• In other countries, a Hebrew rap video from Israel has made the rounds, while a Brazilian video in Portuguese shows the Tin Woodman suffering the effects of a broken heart.

I want to decorate my child's room (or my own) with a Wizard of Oz theme. What resources are available for this?

At this time, there seems to be no specific Wizard of Oz decorating items, wallpaper, or room furnishings, although there have been in the past. In the 1998 Neiman Marcus Christmas catalog, a fully furnished Oz room was described this way:

It's the ultimate child's bedroom. This one-of-a-kind design is an amazing re-creation based on one of the most beloved films in history, The Wizard of Oz. In celebration of its Special Edition re-release in theaters this holiday season, Neiman Marcus, in association with Warner Bros. Consumer Products, will create a child's room based on this legendary film, complete with custom-designed furniture and bed linens, hand-painted murals on the walls, a hand-blown glass tornado lamp, and wall-to-wall hand-carved carpeting depicting the Yellow Brick Road. Furniture includes a hand-painted alderwood bed, a maple dresser with hand-painted detailing, an upholstered chair inspired by the main characters in the film, and a tree-design "play" station with two stools.

The price? Only $150,000. That season, Neiman Marcus also offered other, less costly Oz items, which appear to be the same products available from Warner Bros. at the same time.

You may want to check out the Warner Bros. shop (https://wbshop.com/collections/the-wizard-of-oz), as they may carry some items that might help give Movie-themed Ozzy accents to a room. Books of Wonder also carries many Ozzy items, so check out their online catalog at http://www.booksofwonder.com. And Lipper Industries sell some nice, Denslow-based Wizard of Oz children's furniture. You can find these and other Oz decorating items in (TMOOH) aisle 11 of my website's shop, at http://thewizardofoz.info/aisle11.html. Movie-themed fabric is available at Quilting Treasures; just type "Wizard of Oz" in the search box.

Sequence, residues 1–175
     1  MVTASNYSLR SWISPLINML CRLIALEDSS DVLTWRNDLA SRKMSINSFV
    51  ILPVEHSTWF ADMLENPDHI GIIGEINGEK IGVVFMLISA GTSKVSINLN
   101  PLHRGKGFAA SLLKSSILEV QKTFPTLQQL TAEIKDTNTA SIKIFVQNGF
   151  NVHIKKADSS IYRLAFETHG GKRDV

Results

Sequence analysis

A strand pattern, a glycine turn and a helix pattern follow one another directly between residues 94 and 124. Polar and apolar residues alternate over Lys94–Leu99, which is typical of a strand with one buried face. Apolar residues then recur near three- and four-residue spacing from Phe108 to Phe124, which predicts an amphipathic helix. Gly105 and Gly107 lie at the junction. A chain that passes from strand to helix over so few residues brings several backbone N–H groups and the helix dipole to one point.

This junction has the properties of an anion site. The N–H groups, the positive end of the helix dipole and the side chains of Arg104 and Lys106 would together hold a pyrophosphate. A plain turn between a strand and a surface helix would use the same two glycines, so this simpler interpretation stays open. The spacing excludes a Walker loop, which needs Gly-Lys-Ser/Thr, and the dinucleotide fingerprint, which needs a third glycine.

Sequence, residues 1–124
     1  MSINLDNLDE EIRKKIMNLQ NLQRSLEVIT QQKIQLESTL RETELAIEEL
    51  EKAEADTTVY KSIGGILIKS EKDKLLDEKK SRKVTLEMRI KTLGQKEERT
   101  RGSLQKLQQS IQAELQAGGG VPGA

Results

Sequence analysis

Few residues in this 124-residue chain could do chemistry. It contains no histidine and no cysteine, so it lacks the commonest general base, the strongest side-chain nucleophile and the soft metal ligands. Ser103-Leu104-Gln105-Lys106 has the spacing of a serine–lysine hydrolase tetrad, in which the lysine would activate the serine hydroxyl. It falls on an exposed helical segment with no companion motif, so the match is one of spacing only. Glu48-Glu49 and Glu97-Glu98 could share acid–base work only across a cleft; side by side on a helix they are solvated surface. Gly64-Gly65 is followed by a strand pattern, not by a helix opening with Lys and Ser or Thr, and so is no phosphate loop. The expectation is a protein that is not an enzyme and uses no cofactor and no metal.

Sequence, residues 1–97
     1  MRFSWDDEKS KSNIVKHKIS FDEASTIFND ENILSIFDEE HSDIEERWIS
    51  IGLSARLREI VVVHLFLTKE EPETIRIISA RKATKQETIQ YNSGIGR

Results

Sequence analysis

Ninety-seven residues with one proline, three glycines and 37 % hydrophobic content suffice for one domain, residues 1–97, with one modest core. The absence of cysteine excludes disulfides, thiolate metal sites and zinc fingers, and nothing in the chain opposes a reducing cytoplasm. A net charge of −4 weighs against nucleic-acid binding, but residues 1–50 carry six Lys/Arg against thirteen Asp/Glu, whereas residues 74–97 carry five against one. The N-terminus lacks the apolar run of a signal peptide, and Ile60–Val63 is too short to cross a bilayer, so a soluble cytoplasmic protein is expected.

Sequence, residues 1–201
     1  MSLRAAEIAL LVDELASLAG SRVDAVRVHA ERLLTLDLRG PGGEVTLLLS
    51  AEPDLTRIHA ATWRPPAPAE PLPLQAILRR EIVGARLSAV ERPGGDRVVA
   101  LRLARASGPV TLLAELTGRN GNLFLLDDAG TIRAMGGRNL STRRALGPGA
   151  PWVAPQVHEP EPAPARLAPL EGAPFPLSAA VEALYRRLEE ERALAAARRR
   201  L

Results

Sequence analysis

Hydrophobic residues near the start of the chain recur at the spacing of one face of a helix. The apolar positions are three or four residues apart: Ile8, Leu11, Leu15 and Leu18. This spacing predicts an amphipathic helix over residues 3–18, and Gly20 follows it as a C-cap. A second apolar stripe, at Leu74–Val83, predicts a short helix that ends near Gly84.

Where can I find Oz costumes?

If you want to make Oz costumes, Simplicity has a number of Oz character patterns available. For more information, check out http://www.simplicity.com/Search.aspx?SearchTerm=Wizard+of+Oz. You can also find some Movie-themed licensed costumes for sale at many costume shops. This website has an arrangement with Costume Supercenter, and you can get a good deal with them just by clicking on the banner below:

Costume SuperCenter

Other costume stores with Oz costumes are available on the WWOOW links page, and the WWOOW bookshop's Halloween page (http://thewizardofoz.info/wiki/Halloween) in the fall. If you're just looking to rent a costume, check out The Costume Loft (they also sell costumes) and Broadway Costumes.

Where can I find Wizard of Oz checks, or a Wizard of Oz credit card?

Checks Unlimited (http://www.checksunlimited.com/) has Wizard of Oz checks, based on The Movie, as well as a checkbook cover and address labels. The same checks also appear to be available from Designer Checks. There's even a dedicated site for these checks at https://www.wizardofozchecks.net/. Carousel Checks has Yellow Brick Road-themed checks. There was once a Wizard of Oz credit card, with proceeds going to the Oz Museum in Wamego, Kansas, but that bank was bought out and the card discontinued.